From a narrow, dark tunnel inside mountains in eastern Democratic Republic of Congo come echoes of hammers chiming on rock as gold is hacked from a seam deep underground. Hunched under low roofs and bowed by their heavy sacks, miners clamber out and make their way down a steep, winding track to a river.
There, soldiers of one of the DRC's many militia extract a tax used mainly to pay for wars that have blighted this part of Africa for decades.
Gold from here is officially categorized by the United Nations as a "conflict mineral." It begins a journey from the very bottom of its supply chain to jewelry stores, bullion vaults and electronics factories around the world. The chances are high that any electronic equipment purchased anywhere contains a conflict mineral such as gold, tin or tantalum.
The U.N. estimates that more than $400 million worth of gold has been smuggled from DRC mines in the past year, yet the miners themselves barely eke out a living. They have no safety equipment, such as gloves, boots or masks to fend off lethal dust in the enclosed tunnel space. Children, rather than going to school, are also working in pitiful conditions.
The story of DRC's conflict gold is mirrored in dozens of areas around the world, from the cotton factories and brick kilns of India to the cocoa plantations of west Africa. In these places, laws are routinely ignored by industries that deliver annual revenue -- mainly for multinational corporations -- measured in the tens of billions of dollars.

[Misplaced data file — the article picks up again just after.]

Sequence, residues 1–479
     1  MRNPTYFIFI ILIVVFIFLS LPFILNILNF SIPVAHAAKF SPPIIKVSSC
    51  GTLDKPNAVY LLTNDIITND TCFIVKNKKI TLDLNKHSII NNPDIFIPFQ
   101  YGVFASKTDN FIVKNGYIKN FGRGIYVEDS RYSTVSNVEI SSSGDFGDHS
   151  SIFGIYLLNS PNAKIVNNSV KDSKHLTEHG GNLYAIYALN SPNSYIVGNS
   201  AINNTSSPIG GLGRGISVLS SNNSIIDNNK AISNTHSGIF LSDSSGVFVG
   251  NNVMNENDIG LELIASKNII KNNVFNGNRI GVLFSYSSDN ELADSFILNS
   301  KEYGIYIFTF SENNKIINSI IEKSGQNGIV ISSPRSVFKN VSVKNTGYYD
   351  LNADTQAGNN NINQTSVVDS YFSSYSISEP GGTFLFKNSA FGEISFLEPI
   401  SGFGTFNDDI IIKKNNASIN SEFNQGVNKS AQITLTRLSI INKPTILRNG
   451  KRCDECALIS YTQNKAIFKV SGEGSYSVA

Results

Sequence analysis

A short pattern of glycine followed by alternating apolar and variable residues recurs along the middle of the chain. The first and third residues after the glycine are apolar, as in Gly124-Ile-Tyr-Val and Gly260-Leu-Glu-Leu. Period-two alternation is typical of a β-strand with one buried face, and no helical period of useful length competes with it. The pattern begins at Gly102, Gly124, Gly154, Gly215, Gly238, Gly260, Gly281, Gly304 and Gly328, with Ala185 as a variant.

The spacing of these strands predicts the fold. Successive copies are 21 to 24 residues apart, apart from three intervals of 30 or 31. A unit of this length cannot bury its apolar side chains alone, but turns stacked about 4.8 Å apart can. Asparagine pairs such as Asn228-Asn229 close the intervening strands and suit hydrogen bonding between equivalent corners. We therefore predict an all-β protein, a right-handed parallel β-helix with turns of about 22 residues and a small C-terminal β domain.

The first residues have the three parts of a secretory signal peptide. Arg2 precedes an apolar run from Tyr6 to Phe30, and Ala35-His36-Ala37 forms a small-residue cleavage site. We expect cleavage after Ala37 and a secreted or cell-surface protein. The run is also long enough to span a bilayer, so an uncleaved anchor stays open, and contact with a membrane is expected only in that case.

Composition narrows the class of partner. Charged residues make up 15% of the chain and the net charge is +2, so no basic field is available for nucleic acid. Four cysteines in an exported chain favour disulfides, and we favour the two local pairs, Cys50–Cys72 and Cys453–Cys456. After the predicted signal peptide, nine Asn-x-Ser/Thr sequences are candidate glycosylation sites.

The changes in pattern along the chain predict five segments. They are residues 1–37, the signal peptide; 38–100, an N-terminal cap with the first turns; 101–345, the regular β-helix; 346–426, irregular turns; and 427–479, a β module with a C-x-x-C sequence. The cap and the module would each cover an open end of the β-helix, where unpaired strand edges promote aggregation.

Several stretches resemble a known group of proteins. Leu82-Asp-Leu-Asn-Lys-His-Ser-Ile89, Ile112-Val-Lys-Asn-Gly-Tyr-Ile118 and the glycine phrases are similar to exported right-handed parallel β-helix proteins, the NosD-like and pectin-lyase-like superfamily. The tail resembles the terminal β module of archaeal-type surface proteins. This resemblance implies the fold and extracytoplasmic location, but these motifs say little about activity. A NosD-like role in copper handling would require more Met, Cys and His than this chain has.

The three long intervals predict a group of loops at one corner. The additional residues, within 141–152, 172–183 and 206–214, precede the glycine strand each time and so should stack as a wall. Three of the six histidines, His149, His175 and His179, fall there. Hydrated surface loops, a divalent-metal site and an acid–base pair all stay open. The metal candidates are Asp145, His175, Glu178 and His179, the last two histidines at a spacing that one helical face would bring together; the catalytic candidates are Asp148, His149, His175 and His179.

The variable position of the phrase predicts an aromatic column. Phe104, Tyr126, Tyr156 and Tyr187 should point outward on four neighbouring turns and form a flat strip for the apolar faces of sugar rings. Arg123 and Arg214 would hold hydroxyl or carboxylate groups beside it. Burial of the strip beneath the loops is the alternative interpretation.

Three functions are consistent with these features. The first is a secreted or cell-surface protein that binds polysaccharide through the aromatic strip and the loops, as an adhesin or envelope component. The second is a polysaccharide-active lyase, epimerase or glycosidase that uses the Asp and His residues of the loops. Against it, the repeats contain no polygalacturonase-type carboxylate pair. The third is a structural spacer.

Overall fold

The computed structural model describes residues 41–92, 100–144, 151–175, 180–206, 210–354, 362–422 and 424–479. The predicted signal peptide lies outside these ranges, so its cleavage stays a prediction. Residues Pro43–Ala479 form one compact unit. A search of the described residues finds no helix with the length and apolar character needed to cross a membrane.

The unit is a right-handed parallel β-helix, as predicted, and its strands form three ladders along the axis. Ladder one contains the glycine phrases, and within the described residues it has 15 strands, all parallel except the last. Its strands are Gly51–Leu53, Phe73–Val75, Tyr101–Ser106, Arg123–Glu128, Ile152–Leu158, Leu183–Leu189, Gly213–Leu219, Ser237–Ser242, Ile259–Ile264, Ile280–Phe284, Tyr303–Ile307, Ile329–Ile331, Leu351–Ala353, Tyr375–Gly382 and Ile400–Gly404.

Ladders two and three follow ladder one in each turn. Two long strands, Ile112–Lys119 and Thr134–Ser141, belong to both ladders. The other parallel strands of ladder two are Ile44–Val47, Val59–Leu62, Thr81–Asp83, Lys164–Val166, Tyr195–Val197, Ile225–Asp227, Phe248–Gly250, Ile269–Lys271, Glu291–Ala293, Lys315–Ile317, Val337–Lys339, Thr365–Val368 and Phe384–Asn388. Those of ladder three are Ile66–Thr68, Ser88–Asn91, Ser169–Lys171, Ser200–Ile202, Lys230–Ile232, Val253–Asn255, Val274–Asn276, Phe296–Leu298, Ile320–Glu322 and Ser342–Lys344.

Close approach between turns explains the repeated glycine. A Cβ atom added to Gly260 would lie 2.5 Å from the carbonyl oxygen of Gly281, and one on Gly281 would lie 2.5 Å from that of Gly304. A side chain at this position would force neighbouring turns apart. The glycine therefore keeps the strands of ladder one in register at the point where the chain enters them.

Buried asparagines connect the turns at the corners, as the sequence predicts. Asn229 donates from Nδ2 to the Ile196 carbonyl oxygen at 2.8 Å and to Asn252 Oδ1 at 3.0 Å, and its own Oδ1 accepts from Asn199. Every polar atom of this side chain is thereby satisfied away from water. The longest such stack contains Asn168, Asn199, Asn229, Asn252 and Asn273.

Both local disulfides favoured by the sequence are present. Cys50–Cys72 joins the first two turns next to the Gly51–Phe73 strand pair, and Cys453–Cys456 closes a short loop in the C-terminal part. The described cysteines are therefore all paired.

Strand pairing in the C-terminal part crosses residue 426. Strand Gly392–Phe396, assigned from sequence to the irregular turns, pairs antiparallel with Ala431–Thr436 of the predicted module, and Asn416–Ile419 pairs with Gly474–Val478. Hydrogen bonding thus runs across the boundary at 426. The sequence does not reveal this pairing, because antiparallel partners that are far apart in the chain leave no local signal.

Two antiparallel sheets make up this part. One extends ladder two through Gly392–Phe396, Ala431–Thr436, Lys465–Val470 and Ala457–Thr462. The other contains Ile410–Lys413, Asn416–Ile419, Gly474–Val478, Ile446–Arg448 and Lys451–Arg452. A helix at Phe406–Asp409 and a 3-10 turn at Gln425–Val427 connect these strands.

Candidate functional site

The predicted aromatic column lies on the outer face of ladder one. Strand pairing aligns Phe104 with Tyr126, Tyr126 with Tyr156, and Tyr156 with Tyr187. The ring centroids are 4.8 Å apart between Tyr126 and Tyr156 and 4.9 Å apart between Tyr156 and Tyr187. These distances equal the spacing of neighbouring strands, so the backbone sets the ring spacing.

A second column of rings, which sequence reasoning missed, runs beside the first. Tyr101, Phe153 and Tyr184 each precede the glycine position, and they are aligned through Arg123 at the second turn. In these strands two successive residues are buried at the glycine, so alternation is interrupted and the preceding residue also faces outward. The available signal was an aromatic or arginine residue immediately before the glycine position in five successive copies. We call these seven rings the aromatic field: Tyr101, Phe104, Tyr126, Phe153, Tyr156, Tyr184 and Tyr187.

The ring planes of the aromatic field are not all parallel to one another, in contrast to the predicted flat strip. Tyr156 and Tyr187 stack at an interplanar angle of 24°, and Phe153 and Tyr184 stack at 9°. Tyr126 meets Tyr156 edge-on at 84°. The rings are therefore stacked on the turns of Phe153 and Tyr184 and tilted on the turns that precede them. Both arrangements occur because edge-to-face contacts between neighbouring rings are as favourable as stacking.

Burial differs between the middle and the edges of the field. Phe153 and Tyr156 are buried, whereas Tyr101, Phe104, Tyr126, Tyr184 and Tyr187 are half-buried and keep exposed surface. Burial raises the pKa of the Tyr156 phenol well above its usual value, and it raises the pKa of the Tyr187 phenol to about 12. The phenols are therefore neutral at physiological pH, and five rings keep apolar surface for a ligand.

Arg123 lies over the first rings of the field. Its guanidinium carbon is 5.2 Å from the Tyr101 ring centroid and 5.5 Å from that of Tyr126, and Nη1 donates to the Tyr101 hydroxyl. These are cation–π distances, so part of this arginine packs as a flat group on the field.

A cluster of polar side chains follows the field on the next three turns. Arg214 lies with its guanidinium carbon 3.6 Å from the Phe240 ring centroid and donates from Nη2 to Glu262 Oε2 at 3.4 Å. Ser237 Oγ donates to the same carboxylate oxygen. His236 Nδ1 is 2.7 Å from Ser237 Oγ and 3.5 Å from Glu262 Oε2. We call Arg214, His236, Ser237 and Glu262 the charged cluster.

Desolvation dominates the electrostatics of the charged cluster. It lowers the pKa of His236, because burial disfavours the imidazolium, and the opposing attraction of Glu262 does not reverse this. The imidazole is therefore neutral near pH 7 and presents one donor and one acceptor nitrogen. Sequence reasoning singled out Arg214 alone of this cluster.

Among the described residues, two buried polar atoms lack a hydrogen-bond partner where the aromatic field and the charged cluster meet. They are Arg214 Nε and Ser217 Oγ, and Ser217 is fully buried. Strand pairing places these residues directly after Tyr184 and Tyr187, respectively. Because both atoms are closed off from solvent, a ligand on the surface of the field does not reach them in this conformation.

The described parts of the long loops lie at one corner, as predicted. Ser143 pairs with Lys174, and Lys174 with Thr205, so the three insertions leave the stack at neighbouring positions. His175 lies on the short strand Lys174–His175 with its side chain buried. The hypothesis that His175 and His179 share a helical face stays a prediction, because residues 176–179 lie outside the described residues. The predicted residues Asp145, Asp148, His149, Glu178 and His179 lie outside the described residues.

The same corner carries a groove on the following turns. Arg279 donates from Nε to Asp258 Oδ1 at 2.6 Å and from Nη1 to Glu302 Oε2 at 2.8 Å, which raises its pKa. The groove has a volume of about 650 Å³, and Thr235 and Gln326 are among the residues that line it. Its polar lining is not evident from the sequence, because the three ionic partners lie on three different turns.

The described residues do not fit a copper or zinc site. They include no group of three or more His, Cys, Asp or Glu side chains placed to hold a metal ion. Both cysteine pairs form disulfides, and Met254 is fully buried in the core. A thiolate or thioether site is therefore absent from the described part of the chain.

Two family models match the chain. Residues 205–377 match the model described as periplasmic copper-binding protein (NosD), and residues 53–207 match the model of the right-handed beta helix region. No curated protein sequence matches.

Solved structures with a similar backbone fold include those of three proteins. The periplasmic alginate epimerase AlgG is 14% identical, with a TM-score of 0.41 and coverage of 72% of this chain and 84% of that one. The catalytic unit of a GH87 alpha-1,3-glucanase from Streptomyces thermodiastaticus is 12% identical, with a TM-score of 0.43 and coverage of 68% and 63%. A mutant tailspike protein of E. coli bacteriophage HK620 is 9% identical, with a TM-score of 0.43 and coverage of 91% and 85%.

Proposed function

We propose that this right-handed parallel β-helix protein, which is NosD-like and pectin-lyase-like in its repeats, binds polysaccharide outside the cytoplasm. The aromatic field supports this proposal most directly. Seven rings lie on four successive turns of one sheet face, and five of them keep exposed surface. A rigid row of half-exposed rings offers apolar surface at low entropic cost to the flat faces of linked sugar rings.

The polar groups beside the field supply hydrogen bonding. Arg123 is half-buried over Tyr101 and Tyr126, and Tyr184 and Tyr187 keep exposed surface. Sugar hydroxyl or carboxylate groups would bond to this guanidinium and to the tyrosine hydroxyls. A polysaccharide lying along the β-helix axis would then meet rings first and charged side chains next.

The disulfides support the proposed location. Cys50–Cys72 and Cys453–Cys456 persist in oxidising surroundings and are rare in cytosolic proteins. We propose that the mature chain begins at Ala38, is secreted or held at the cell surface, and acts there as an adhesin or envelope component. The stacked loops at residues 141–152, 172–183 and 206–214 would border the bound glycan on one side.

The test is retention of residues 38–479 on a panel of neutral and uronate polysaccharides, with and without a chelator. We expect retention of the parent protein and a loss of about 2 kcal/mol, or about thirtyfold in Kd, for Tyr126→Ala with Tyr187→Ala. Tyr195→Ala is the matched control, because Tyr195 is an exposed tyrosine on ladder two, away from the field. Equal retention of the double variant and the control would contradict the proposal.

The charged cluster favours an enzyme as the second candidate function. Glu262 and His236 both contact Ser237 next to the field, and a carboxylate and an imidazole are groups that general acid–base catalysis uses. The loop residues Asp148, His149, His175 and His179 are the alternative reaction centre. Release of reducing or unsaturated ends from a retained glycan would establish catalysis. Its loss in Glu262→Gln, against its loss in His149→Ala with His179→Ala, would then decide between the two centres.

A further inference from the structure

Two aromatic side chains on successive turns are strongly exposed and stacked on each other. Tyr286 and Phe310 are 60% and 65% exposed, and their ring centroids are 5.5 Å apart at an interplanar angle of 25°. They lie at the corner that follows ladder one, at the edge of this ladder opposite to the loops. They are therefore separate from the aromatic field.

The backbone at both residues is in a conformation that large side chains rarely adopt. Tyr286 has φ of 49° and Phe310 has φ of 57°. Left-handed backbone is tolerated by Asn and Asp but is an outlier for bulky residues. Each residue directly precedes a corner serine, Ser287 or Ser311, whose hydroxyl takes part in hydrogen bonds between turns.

The issue is not new. Indeed, it was succinctly captured by the 18th century French writer Voltaire in his novella "Candide". A destitute sugar worker in South America, explaining his appalling injuries and illness to the hero, Candide, says simply: "This is the price we pay for the sugar you eat in Europe."
Now, more than 250 years later, substantive change may be underway, thanks to a confluence of international forces.
First, technological advances have created a global awareness that has led to pressure on corporations -- not only from shareholders and consumers, but also from developing country voices at the bottom of supply chains.
Second, Western democracies and multilateral institutions are increasingly ready to legislate against issues such as child labor, conflict minerals and corruption.
Third, international conglomerates in emerging economies, such as China's Huawei Technologies, India's Tata Group and many large mining and manufacturing groups, are now accountable under American and European rule of law.
And fourth, boardrooms of once Western-centric multinationals are now filled with directors from those economies that better understand supply-chain conditions.
The 2010 Dodd-Frank Act in the U.S., drawn up after the latest financial crisis, contains a section on "conflict minerals." It requires any American company that believes it might be using these minerals to register with the U.S. Securities and Exchange Commission.